Actually your vote would count LESS if we went to a popular vote system.

Think of it like this...

In my state, NJ, about 3.5 million people will vote for president.  My vote was worth 1 in 3.5 million.  However, if my vote was thrown into every other vote throughout the country, it is now worth 1 in 120 million (give or take).

If we went strictly to the popular vote for president, candidates would focus on the wants and needs of states with large populations and dismiss those states with small ones.  New Hampshire and Iowa despite their small populations, were important states to both campaigns this year, with a popular vote system they would be ignored since neither state has a city in the top 100 in terms of population in the U.S.  Rural needs and concerns would be dismissed.  The electoral system forces candidates to address the needs of all citizens, not just those in New York City, Los Angeles, and Chicago.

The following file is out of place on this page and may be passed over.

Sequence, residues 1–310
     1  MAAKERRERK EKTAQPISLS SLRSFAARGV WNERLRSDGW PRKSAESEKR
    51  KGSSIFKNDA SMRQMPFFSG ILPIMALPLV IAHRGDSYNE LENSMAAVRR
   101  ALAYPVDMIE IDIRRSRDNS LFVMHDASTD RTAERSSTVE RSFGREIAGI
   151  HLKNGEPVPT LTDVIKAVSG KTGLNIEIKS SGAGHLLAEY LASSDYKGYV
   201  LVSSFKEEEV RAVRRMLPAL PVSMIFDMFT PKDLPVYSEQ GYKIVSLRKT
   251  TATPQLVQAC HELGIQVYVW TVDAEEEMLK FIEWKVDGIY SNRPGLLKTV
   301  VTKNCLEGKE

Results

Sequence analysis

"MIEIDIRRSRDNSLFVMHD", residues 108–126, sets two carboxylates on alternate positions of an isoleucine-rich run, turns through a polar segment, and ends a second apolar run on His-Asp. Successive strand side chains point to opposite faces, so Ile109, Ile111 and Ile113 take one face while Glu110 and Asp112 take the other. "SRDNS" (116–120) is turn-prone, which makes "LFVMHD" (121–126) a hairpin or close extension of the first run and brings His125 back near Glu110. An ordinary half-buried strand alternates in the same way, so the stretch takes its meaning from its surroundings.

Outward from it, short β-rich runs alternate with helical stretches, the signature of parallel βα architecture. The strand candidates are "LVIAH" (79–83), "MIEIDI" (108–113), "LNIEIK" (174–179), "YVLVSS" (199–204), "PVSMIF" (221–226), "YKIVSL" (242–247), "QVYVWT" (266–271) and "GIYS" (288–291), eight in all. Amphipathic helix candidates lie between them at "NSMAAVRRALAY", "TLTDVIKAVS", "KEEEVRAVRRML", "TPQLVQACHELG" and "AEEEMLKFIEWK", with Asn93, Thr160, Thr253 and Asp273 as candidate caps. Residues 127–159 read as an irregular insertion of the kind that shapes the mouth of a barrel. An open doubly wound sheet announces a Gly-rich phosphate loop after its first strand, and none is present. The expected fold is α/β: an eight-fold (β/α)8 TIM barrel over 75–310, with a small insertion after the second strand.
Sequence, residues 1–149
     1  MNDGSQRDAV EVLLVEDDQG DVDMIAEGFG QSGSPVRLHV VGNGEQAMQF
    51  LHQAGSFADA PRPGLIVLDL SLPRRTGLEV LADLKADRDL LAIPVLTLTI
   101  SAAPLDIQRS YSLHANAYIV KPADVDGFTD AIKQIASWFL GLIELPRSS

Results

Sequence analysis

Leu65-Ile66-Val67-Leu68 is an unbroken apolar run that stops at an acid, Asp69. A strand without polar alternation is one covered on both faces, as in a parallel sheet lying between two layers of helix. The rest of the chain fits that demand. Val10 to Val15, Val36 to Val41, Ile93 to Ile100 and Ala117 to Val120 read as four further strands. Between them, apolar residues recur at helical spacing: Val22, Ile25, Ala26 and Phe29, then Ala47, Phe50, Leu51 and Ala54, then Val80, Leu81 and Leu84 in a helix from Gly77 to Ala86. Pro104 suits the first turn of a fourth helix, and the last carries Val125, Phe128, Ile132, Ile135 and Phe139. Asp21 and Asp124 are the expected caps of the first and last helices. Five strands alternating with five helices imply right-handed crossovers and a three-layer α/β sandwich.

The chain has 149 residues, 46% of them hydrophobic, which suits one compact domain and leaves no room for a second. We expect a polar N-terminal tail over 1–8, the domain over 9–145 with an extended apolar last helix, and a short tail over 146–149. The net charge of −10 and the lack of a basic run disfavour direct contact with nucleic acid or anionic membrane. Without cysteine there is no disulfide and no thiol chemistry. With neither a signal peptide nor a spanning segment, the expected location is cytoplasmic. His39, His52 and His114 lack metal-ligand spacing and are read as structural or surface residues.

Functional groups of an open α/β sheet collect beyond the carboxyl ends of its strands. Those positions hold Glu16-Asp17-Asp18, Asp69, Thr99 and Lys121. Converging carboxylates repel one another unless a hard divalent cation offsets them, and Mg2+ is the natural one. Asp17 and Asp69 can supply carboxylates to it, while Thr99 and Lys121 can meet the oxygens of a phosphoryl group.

The electoral college recognizes that various sections of the country think differently and have different desires and focuses.  (I believe its called diversity).  The writers of the constitution understood this, Governor Corzine and those like him do not.

If you really want your vote to count, then you should desire your state to switch to a system such as Maine and Nebraska.  In case you do not know, the number of electoral votes your state has is your congressional districts plus 2 (for your Senators).  Maine and Nebraska allow each of their congressional districts to control one electoral vote.  The average number of people in an congressional district is about 700,000, so now your vote is 1 in 700,000 (and probably worth more since some of that 700,000 are too young will not vote so let's say 1 in 500,000 to be safe).  The two extra electoral votes (for you Senators) goes to the candidate who gets the most overall vote in the state.

Now candidates would really have to work for votes and focus on a broad appeal.  It may even give third party candidates a way to steal an electoral vote or two.

But more importantly, you vote would count more.